Recovering Xenon — and Costs


A range of new uses for the noble gas xenon has boosted its profile along with its demand at a time when supplies have been crimped thanks to the ongoing economic recession. With that in mind, users are paying more attention to how they use xenon.

Xenon is a heavy, colorless, odorless rare gas that is present within the atmosphere at 87 parts-per-billion.

It is collected as a byproduct from very large air separation plants. Current world-wide production capacity is estimated to be 14 million liters per year. However, because of the global economic recession and curtailment in demand for oxygen and nitrogen, the available volume of xenon is now estimated to be less than 10 million liters per year.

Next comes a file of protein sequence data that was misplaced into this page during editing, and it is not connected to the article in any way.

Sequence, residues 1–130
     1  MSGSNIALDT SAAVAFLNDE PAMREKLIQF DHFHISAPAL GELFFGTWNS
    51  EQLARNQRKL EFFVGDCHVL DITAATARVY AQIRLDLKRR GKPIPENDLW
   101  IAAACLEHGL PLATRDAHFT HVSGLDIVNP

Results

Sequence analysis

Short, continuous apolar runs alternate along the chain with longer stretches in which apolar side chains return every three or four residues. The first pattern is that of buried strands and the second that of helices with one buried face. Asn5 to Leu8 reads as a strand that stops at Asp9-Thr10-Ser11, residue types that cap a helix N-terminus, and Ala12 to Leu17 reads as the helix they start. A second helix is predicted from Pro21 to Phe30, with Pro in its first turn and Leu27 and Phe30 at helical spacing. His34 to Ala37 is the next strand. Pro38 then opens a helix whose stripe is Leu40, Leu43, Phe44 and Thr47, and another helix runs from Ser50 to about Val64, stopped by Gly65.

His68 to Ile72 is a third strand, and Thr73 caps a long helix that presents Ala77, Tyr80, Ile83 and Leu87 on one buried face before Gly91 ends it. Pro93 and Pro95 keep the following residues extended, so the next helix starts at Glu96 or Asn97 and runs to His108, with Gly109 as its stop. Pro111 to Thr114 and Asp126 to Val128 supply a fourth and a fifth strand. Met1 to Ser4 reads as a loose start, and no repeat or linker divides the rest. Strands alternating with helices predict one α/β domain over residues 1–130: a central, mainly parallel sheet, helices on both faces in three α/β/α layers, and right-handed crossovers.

Because of its place within the periodic table, xenon possesses a number of physical and chemical properties that make it useful within a wide variety of applications such as integrated circuit (IC) manufacturing, plasma displays, excimer lasers, lighting, and aerospace. In the future, there are expectations that xenon will also be employed as an anesthetic and blanketing gas to reduce brain trauma.

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